The Bingo! Parlour
Written by Dominique Minor
Monday, 20 October 2008 16:21
DM: How did the Bingo! Parlour stage tent come about?
RR: It's been a concept we wanted to do for quite awhile. Stephen Rehage produces Voodoo, and we worked with him on some other small projects, like Preservation Hall and some other things. It was in 2006 was when I first got with him to talk about stuff. We did the first Preservation Hall Tent at Voodoo with him that year. We wanted to add a kind of dirtier element, and a different element than what they had so far. With the Hall Tent it brought in more traditional New Orleans music and elements. In 2007 we asked for another proposal [which was the Bingo! Parlour Tent], and yeah, we just kind of winged it last year. I think it went well.
DM: What gave you the idea to bring all these acts together in the Parlour initially?
RR: They're our friends. We drink with them. And we started to think, “Wouldn't it be cool if...”
DM: How was the Bingo! Parlour Tent accepted at Voodoo Fest?
RR: Dude! It was sick (laughs)! I'm not afraid to say I think we totally crushed it last year. In the same way, the tent was kind of highlighting all the things that played there musically. I think it brought our community together, too, particularly the key players of Bingo! Show. As far as how people received us, it was a total family vibe. There were a lot people who didn't leave the Bingo! Parlour. The Noisician Coalition, it's kind of Bingo! Show's own marching band, which is led by Mr. The Turk/Matt Vaughn. It's his brainchild. It's a marching band that plays with handmade instruments. It's like a lot of modified electronic stuff, there's not a real instrument in the entire band.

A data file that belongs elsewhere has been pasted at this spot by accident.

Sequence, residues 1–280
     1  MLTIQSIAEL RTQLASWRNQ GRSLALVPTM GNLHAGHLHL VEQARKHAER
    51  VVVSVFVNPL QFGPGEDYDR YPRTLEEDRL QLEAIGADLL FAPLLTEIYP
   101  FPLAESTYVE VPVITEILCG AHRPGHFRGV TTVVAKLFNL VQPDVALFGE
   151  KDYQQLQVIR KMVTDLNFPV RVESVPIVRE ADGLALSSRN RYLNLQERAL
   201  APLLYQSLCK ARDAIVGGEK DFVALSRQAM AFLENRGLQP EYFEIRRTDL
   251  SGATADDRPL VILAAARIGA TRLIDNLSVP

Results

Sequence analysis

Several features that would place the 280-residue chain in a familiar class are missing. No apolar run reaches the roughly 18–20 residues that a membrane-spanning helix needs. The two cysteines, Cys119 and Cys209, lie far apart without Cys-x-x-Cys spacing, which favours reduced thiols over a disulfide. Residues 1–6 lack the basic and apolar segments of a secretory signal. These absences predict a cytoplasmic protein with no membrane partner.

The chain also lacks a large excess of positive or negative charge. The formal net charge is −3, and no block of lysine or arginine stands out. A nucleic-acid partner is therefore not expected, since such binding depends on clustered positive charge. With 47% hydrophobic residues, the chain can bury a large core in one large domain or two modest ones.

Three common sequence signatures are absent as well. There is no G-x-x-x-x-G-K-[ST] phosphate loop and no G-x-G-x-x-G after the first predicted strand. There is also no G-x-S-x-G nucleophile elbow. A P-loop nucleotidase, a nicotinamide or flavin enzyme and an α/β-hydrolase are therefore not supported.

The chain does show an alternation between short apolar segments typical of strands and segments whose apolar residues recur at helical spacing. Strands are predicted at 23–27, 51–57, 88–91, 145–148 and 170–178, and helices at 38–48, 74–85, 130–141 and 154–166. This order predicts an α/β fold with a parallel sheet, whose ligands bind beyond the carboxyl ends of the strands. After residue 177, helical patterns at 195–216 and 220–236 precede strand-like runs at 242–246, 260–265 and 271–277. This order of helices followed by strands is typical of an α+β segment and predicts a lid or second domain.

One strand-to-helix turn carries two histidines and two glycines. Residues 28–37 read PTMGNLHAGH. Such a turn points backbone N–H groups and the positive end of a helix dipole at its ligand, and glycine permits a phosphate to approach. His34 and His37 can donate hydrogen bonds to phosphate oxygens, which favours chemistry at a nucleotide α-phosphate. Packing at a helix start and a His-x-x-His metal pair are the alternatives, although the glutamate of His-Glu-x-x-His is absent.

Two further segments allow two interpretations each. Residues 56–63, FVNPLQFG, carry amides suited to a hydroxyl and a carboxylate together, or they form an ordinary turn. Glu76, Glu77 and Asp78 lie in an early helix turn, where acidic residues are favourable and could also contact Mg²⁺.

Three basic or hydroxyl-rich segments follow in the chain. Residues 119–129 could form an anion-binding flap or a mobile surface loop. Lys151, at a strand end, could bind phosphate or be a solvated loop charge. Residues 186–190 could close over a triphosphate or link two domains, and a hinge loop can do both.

DM: So, it's very non-traditional?
RR: It's about as non-traditional as it gets.
LM: Their instrumentation kind of looks like Radio Shack vomited.
RR: And the band hung out during all three days. It was a real family atmosphere. It was cool because the whole point of it is to put all these acts [playing the Parlour Tent] in the national spotlight. And more importantly, it's in Louisiana. You know there's all these kids that live in Metairie, or something, and don't know all this cool shit is in their backyard essentially. I don't know what the kids listen to nowadays, but it's fun to let them know all this shit is happening around the corner.
LM: That's the real mission, to give a home and a spotlight [to these artists] on the national stage; and much as we can, for the downtown music scene and all its sort of dirty bohemian eccentricities and eclectic style.
DM: With the non-local artists that play the stage, do you try to get those who reflect the message and sentiment of the Bingo! Parlour?
RR: Yeah, like-minded acts. We have a theme going. The national acts we have are The Butthole Surfers, Man Man, Shudder To Think, and...
LM: The Gutter Twins.
RR: If you would have told me ten years ago that The Butthole Surfers would be playing in a tent I put together I wouldn't have believed you.
DM: Are there any special events that are going to happen in the Tent this year?
RR: Yeah. The Bingo! Show is performing all three days, and they're making three different presentations. They're doing the Red show, the Black show, and the Gold show. They'll all be different moods, and completely different presentations than anyone's ever seen before. It's going to be based on what they do with it, and we're hoping it will all come together.
LM: It's three distinct themes.
DM: As far as putting everything together, do the group members hammer out all the details? Or, is it something they improvise on the spot?
RR: Well, both, but it's generally dictated by the audience. At our Le Chat Noir shows, something fucked up happens and it has nothing to do with us.
DM: Like fucked up in good sense?